equal number of connections. A simple, approximate way to do this
would be to generate random subsets of two teachers until you have
enough connections (though that won't work well if you have a lot of
teachers that can't work together, which wouldn't be surprising). I'm
sure graph theory has some algorithms to do this if you need more
exactitude.

Step 2: Assign students from appropriate homerooms to each connection.
The following simple algorithm is probably satisfactory: for each
connection between teachers, choose a random subset of four homerooms
not governed by those teachers to form a group. Assign a random
student from each homeroom. Once every student from a homeroom has
been been assigned, remove that homeroom from the set of available
homerooms. With this method, you might have some connections at the
end without enough remaining homerooms; just go fishing for a suitable
switch among students already assigned. Or, work out a way to make
sure you don't exhaust too many homerooms. Perhaps there is a known
algorithm for doing this.

Carl Banks

 
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aurelien.campeas@logilab.fr
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Posts: n/a
 
      10-16-2006

Steven Bethard a écrit :

> I'm trying to solve a constraint-satisfaction problem, and I'm having
> some troubles framing my problem in such a way that it can be
> efficiently solved.
>
> Basically, I want to build groups of two teachers and four students such
> that [1]:
>
> * Students are assigned to exactly one group
> * Teachers are assigned to approximately the same number of groups
> * Students are not in groups with their homeroom teachers
> * Students in each group are from four different homerooms
>
> So given teachers A, B, C, D, E and F and their corresponding students
> A1, A2, ... F3, F4, here's a good grouping:
>
> A, B: C1, D1, E1, F1
> B, C: A1, D2, E2, F2
> C, D: A2, B1, E3, F3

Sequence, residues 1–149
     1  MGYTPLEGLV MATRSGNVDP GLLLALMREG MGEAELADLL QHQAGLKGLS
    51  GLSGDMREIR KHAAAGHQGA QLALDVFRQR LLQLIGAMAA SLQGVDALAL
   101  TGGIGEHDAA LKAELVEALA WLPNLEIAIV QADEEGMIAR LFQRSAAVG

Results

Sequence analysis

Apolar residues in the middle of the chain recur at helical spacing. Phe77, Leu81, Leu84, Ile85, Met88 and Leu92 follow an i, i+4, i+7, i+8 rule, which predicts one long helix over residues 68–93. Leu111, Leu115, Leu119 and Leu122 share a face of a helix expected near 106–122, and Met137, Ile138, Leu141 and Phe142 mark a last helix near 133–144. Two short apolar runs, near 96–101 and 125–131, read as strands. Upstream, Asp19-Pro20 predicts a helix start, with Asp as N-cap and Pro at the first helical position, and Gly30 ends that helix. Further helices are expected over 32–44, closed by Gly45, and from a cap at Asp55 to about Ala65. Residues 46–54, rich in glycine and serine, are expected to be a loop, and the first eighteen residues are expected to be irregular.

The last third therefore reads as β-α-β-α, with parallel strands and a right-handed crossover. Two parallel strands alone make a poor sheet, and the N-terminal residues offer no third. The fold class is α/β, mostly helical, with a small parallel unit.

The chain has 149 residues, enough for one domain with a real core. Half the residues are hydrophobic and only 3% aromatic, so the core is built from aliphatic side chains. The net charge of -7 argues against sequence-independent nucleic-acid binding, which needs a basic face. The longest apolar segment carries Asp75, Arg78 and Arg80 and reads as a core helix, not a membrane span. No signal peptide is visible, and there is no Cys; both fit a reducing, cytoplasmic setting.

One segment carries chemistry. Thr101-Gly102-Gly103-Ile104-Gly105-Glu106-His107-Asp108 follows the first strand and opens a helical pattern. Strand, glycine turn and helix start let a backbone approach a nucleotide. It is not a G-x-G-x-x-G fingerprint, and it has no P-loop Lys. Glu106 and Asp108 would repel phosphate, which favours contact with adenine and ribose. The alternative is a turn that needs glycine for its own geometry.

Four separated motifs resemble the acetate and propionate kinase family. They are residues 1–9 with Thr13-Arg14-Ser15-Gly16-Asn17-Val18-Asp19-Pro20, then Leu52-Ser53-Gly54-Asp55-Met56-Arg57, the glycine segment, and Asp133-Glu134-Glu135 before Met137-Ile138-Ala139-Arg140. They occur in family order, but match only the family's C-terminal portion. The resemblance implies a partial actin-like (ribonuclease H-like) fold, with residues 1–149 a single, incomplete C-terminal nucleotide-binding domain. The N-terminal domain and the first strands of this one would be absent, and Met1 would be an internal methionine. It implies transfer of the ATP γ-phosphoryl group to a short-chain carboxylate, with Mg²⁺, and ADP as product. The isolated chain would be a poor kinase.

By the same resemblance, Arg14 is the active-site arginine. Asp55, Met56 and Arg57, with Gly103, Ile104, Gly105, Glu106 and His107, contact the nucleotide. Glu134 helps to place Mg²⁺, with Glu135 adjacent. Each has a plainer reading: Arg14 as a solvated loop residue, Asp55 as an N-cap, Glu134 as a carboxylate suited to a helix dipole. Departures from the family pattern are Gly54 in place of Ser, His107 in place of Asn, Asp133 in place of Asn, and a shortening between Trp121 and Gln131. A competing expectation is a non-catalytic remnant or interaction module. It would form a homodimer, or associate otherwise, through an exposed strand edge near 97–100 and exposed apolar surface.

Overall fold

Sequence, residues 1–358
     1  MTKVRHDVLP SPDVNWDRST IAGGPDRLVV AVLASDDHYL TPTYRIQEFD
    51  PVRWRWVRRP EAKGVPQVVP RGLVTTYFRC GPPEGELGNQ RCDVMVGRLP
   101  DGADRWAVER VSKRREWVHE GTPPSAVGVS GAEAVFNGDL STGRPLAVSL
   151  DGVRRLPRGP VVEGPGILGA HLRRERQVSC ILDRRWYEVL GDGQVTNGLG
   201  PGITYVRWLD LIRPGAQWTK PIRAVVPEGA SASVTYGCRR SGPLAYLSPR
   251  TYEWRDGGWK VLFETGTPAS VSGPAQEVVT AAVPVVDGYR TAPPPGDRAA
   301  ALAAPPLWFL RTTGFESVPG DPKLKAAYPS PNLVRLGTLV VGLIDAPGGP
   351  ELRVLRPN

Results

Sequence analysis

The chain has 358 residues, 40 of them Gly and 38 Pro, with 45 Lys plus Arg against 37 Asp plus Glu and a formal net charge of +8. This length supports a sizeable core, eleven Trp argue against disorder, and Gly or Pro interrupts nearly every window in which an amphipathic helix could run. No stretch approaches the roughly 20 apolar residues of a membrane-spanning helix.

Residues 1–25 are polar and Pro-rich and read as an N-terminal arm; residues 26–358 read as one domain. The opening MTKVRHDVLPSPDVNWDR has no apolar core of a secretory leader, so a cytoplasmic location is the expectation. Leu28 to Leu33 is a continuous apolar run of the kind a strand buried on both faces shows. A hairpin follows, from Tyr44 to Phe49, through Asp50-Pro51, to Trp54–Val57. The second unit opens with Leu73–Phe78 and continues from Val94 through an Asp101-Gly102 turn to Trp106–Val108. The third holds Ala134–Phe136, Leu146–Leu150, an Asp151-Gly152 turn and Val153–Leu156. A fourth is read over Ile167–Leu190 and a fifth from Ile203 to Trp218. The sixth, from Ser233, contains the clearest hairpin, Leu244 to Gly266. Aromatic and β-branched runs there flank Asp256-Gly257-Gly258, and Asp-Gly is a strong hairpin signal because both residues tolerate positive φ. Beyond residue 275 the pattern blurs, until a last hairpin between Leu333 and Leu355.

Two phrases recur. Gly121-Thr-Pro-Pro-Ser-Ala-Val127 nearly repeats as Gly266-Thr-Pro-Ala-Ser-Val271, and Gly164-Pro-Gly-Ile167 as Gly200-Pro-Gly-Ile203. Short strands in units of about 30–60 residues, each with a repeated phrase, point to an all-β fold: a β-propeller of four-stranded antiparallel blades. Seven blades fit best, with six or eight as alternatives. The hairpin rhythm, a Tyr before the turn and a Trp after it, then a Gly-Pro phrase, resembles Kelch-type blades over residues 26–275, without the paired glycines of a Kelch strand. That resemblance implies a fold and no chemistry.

> D, E: A3, B2, C2, F4
> E, F: A4, B3, C3, D3
> F, A: B4, C4, D4, E4
>
>
> My current solution is to create a constraint satisfaction problem using
> python-constraint (http://labix.org/python-constraint) where there are


Last time I looked at it, it seemed to not use (by default) its Arc8
routine that prunes domains between each variable instantiation by the
backtracker. Did you enable it ? (it should have a crucial performance
impact).

You could also try the logilab constraint package
(http://www.logilab.org/projects/constraint) and see how it fares with
your problem (it 'only' provides the AC3 domain pruning algorithm but
at least uses it by default).

Cheers,
Aurélien.

> variables for:
>
> * each student domain: group names
> * each group name domain: all pairs of teachers
>
> This works for simple problems, but because most of my constraints have
> to iterate over all students and/or all groups, this takes way too long
> on my real dataset (which has 300+ students). I thought about trying to
> reframe the problem so that there are variables for:
>
> * each group name domain: pairs of teachers X 4-tuples of students
>
> but that seems like it would be generating something like 15^2*300^4
> items for the domain, which is clearly also going to be way too big.
>
>
> Any suggestions on how to speed things up? I've posted my current code_
> and the tests_ in case anyone has the time to look at them.
>
> .. _code: http://ucsu.colorado.edu/~bethard/py...dent_groups.py
> .. _tests:
> http://ucsu.colorado.edu/~bethard/py...dent_groups.py
>
>
> Thanks!
>
> Steve
>
>
> [1] There are actually two other constraints that I omitted:
>
> * Some teachers cannot be placed in the same group, e.g. I might know
> that A cannot work with B or that E cannot work with F.
>
> * If you create a graph out of the teacher pairs from all the groups,